Exactly. And Nissan is not alone here. All the world’s major auto makers are proving they can do what some said was impossible just 24 months ago. While DesRosiers and others were arguing that the technologies required to meet the upcoming corporate average fuel economy rules would add perhaps as much as $5,000 to the price of a new vehicle, Nissan for one has lowered the price of the highly fuel-efficient 2013 Altima. Some were saying it could take car buyers as many as 10 years to recoup the added cost of the 2016 regulations, but the reality is entirely different.
As DesRosiers himself noted just last month, “With increasing regularity, vehicles in the B- and C-size classes [subcompact and compact cars] are meeting or exceeding stringent 2016 fuel efficiency regulations. Nearly all the major products in these segments have attained or will soon attain that goal, and the pool of 40 mpg sedans continues to deepen with every round of vehicle introductions. With some D-size products now hedging into compliance, it’s evident that technology will win the day.”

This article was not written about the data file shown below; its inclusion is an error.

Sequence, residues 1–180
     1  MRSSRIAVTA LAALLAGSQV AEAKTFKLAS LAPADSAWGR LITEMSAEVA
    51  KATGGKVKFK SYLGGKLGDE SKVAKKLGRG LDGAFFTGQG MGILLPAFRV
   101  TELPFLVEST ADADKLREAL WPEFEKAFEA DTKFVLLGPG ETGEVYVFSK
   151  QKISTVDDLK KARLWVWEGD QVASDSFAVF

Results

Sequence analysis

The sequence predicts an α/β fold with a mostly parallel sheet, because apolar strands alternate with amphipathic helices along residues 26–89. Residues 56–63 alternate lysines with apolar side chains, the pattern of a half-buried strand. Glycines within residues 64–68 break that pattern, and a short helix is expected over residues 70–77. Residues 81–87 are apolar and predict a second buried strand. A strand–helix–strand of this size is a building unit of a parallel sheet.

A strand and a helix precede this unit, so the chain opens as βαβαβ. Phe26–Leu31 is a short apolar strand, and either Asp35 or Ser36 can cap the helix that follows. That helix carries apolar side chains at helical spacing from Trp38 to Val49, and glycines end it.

Just as Mark Twain famously noted that reports of his death had been greatly exaggerated, DesRosiers points out that “Warnings of negative changes in vehicle mix (i.e., the types of vehicles offered to consumers) may have been overstated …”
The story here is of an auto industry quickly bringing to market new models well on the road to being in compliance with 2016 CAFE rules.
“The past 18-month window has witnessed the introduction of many of the products that will see their makers over the 2016 hurdle,” notes DesRosiers. “We are now deeply embedded in the most challenging product cycle auto makers have faced since the 1970s. Most heads appear to be staying above water.”